In the government crash tests, the 2011-2013 Mazda 3 scored well in the frontal impact (5 stars out of 5), however the 2011 Mazda 3 got only 2 stars in the side-impact tests. The 2012 and 2013 models fared better with 3 stars for the side-impact protection. Antilock brakes are standard. Dynamic Stability Control is standard in all but the base 2010 Mazda 3i 4-door model. The second-generation Mazda 3 is very reliable and offers better corrosion protection than the previous generation. Common problems include HID headlights (in 2.5L and Mazdaspeed 3 models) and minor driveability issues. Many owners complain about noisy tires, but this issue can be prevented by rotating tires more frequently. Check Mazda tech tips at the end of the article.
2014-plus Mazda 3 (third generation)
The third-generation Mazda 3 comes as a sedan or hatchback, with the 155-hp Skyactiv 2.0L or 184-hp Skyactiv 2.5L engine. Transmission choices include a 6-speed automatic or a 6-speed manual gearbox. Thanks to the Skyactiv technology, Mazda 3 is one of the most fuel-efficient cars on the market. The 2014 Mazda 3 4-door 2.0-liter automatic is rated at 30/41 MPG. In line with Zoom-Zoom philosophy, Mazda 3 offers secure, sporty handling and responsive steering. The interior quality is among the best in the class. Supportive seats and small thick-rimmed steering wheel highlight the sporty nature of the car. The perfect 5-star overall safety rating in the government crash tests is another plus. Mechanically, Mazda 3 is well put together, with independent rear suspension and standard rear disc brakes. The Skyactiv engine requires minimum maintenance and is proven to be reliable. It has a timing chain instead of a timing belt and long-lasting spark plugs.
The Skyactiv automatic transmission allows for the conventional shift feel that many drivers have gotten used to. This is by far the better shift feel compared to the “rubber-band” acceleration of the continuously variable transmission (CVT) or harsh slow-speed shifting of the dual-clutch automated manual transmission. Mazda 3 predicted reliability is well above average. Common complaints include minor Bluetooth and infotainment system concerns. Many of the issues can be addressed by updating the Mazda Connect operating system, which can be done at your Mazda dealer. See the Resources section below for more information.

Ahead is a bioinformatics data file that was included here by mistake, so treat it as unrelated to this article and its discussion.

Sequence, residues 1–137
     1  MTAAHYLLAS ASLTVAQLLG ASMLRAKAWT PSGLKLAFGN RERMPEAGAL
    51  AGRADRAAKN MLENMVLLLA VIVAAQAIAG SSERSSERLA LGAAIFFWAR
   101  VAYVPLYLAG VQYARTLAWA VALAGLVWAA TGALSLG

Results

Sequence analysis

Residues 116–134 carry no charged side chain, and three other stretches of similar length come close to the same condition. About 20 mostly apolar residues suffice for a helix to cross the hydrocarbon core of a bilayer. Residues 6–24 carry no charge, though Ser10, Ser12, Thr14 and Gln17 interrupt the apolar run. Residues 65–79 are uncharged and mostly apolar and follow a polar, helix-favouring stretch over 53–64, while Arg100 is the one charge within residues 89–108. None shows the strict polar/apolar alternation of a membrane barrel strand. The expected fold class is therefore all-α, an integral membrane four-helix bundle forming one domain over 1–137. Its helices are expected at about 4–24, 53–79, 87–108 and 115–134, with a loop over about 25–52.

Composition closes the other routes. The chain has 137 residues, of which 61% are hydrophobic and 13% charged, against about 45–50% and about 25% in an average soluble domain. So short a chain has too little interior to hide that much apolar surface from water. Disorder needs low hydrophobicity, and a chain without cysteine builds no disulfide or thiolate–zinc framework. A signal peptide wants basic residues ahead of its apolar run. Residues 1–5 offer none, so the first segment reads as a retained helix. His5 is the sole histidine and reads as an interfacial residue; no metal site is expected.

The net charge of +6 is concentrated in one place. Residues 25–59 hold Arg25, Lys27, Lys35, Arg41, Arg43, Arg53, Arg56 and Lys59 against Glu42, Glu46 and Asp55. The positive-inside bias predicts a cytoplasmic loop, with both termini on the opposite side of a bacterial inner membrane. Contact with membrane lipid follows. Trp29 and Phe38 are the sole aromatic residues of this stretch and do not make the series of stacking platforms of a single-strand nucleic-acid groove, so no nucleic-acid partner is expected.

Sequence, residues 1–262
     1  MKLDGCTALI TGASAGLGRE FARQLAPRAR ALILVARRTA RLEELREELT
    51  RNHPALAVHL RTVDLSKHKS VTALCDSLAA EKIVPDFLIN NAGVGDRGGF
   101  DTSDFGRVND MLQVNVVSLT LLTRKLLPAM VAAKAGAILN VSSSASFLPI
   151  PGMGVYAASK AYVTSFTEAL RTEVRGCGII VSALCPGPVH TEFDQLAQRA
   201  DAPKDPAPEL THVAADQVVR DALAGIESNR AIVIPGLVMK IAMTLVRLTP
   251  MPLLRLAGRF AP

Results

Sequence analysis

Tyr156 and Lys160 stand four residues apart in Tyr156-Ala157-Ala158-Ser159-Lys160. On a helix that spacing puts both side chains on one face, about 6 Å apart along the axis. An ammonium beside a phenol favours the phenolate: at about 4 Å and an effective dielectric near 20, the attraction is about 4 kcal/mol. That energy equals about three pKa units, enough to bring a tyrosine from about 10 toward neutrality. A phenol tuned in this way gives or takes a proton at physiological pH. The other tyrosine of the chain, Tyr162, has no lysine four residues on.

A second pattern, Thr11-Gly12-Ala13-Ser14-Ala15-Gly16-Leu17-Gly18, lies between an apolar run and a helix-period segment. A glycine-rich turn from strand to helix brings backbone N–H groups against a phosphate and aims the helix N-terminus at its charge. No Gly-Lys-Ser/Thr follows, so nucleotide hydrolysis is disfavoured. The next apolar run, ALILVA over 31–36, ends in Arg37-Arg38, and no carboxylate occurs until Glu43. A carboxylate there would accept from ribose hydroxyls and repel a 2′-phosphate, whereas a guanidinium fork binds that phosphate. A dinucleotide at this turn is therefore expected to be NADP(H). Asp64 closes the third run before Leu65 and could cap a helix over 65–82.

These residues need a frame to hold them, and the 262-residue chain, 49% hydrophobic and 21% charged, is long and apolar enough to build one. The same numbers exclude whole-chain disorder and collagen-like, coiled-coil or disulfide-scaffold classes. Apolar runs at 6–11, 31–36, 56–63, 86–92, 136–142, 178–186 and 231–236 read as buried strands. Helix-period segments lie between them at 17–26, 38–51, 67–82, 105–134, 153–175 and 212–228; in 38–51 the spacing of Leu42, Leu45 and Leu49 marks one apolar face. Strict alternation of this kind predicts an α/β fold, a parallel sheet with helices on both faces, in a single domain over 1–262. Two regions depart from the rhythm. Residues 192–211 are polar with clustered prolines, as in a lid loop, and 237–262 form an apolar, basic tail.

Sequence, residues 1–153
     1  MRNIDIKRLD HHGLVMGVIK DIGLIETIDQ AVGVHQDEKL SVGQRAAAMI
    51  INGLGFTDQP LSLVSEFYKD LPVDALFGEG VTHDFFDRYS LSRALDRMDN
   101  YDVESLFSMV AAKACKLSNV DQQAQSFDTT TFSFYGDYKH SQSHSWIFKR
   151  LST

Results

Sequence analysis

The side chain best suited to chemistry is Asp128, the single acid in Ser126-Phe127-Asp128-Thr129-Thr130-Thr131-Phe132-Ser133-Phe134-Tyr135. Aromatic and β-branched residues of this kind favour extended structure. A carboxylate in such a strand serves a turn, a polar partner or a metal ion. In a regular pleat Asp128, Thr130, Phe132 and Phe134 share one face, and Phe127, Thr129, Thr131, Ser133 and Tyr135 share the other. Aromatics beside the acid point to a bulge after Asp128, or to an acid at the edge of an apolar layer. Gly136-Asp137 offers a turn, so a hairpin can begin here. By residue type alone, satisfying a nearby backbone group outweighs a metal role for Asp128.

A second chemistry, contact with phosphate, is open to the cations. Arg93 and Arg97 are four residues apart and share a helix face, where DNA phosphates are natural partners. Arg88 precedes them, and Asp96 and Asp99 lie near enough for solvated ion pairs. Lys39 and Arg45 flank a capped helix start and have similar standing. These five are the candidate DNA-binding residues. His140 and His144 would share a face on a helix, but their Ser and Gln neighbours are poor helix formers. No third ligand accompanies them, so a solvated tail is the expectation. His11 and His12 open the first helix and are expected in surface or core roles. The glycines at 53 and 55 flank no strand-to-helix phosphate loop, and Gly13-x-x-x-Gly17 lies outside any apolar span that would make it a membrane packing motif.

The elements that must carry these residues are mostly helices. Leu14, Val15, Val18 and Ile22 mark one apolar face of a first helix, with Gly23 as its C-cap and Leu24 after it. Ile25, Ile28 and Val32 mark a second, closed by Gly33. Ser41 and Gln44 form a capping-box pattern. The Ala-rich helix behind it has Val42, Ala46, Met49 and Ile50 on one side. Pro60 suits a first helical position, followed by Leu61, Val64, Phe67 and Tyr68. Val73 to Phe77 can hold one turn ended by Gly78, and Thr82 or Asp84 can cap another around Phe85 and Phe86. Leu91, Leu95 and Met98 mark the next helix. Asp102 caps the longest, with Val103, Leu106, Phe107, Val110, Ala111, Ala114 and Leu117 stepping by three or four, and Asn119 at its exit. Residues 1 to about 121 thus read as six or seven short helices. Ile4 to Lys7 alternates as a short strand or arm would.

2009-2013 Mazda 6 (second generation)
The second-generation Mazda 6 is a large family sedan that comes with the 170-hp 2.5L 4-cylinder or 272-hp 3.7L V6 engine. Interestingly, the North American Mazda 6 is 5 inches longer and almost 2 inches wider than the European version. The interior is roomy, but the material quality could be better. Some owners mentioned that front seats are not very comfortable on long trips. The 4-cylinder 2011 Mazda 6 is rated at 22/31 MPG. The V6 Mazda 6 is fast, but thirsty (18/27 MPG). The handling is very good, especially with the heavier V6, but the ride is firm. Safety ratings are mixed. The 2009-2010 Mazda 6 scored well in the crash tests, however, as the NHTSA introduced more stringent test for 2011, the frontal crash protection got only 3 stars.
Consumer Reports rates the Mazda 6 reliability above average. What are the common problems? The front brakes are known to wear fast. Some minor electrical issues with smart keys, door locks and other equipment are not uncommon. Exhaust leaks are often reported, but the repair is simple and inexpensive. Both, the 4-cylinder and V6 engines use a maintenance-free timing chain and are known to last long with regular oil changes.
2014-plus Mazda 6 (third generation)
The third-generation Mazda 6 is the most fuel-efficient gasoline-powered family sedan. The 2015 Mazda 6 with i-ELOOP package (regenerative braking) is rated at 28/40 MPG city/highway. Only hybrids and diesel-powered cars offer better fuel economy. Without the i-ELOOP package, Mazda 6 gets 26 MPG city and 38 MPG highway. As you would expect, Mazda 6 is a sporty car and handles extremely well, however as a trade-off, the ride is firm and some road/wind noise is present. Since Mazda ended its partnership with Ford, it no longer has a V6 engine. An optional V6 would have been a perfect addition for this car. For now, the only available engine is the 184-hp Skyactiv direct-injected 2.5L inline-4. Transmission choices include a conventional 6-speed automatic or a 6-speed manual. The interior quality is close to that of luxury cars. The level of safety and technology features is also impressive, although most of high-tech gadgets are available only in the top-of-the-line GT trim level. The adaptive cruise control (MRCC) can automatically maintain the safe distance from the car in front.